NGO Health and Disability Network seeking positive video clips to highlight work
The Secretariat of the Ministry of Health’s NGO Health & Disability Network is seeking short 2-3 minute video clips showing the benefits not-for-profit health and disability community organisations provide to New Zealand. They will edit the contributions into a video to use at events and presentations for funders and others and on the internet, to show the diversity of the sector. They will also load some videos to their YouTube channel. Organisations vary greatly in size, types of services and their interaction with the community and government agencies and these clips will help illustrate this diversity. They would like video clips by the end of January.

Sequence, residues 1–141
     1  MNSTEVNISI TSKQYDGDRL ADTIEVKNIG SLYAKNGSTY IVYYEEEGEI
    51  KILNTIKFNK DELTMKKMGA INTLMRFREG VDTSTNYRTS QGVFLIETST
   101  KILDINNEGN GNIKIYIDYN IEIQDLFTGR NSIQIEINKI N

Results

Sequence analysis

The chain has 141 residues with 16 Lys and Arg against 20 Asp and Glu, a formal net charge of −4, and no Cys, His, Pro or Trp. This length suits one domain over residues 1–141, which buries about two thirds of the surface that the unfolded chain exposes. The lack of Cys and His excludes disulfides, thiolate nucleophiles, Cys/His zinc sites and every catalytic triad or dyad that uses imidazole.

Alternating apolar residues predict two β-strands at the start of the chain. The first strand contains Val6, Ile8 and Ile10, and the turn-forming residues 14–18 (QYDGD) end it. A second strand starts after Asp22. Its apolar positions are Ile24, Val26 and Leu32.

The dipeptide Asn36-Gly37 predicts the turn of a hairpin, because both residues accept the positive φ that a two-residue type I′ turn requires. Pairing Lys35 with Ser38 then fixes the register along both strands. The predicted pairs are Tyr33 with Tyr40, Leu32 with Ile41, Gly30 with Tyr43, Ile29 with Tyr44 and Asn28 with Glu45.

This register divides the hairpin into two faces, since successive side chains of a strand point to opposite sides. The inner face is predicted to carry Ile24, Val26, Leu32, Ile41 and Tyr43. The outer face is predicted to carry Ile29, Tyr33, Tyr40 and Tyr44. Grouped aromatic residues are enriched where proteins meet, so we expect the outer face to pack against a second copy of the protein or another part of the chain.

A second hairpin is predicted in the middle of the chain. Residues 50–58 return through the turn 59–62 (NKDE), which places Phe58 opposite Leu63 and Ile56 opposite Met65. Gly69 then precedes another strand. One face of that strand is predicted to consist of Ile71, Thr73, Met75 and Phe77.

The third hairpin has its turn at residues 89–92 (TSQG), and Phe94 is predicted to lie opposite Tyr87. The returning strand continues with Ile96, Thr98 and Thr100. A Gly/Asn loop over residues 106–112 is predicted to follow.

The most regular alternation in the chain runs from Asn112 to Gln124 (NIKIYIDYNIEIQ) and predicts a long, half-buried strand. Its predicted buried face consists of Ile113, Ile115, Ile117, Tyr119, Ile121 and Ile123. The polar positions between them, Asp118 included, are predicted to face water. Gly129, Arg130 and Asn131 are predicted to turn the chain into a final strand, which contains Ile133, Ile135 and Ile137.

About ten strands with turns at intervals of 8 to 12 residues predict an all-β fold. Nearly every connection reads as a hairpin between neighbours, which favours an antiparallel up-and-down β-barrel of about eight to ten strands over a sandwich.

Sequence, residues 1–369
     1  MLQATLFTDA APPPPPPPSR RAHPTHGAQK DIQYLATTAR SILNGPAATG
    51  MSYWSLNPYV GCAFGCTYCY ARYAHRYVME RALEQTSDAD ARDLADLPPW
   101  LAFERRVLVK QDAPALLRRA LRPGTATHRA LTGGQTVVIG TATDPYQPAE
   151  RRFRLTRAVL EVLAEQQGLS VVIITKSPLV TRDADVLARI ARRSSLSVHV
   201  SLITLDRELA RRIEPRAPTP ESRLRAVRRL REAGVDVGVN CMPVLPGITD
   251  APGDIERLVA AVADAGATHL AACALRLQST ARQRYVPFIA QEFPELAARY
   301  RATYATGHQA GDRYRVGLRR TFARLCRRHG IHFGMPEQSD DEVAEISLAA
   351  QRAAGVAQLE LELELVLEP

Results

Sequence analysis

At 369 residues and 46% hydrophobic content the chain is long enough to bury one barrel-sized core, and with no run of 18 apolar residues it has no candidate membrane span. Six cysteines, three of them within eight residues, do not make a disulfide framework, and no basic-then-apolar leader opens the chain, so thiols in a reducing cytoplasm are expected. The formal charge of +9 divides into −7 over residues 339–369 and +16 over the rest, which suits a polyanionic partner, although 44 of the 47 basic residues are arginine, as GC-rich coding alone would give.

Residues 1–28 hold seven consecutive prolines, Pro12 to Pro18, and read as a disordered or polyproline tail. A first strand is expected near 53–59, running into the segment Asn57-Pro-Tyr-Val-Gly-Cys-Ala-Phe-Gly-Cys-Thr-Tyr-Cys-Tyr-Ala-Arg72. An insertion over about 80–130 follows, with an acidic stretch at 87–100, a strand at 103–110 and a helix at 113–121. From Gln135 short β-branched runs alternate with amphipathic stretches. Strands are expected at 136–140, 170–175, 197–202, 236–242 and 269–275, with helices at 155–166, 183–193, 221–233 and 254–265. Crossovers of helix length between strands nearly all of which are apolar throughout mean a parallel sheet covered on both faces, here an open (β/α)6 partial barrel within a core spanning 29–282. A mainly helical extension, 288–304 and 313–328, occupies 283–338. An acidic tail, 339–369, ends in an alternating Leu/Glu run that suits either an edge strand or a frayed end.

Health and Disability NGOs YouTube channel Ministry of Health
State care abuse claimants suing Government
The historic abuse of those in state care continues to be problematic. Some of those who claim abuse are suing the government for $740,000 for what they say is a failure to act when they asked for their personal records. Each of the 74 clients is seeking $10,000 to be paid on in addition to any compensation received for the abuse itself. The group of 74 people needed the documents in order to file compensation claims for the abuse. But the claimants say that delays with the Ministry of Social Development is adding to their problems. Cooper Legal, representing the claimants, lodged a lawsuit with the Human Rights Review Tribunal in April. Each of the 74 clients was seeking $10,000, to be paid on top of any compensation received for the abuse itself. Legal action has been taken to hurry up the process.
State care abuse victims suing government Radio New Zealand
Zika virus can cause intellectual disability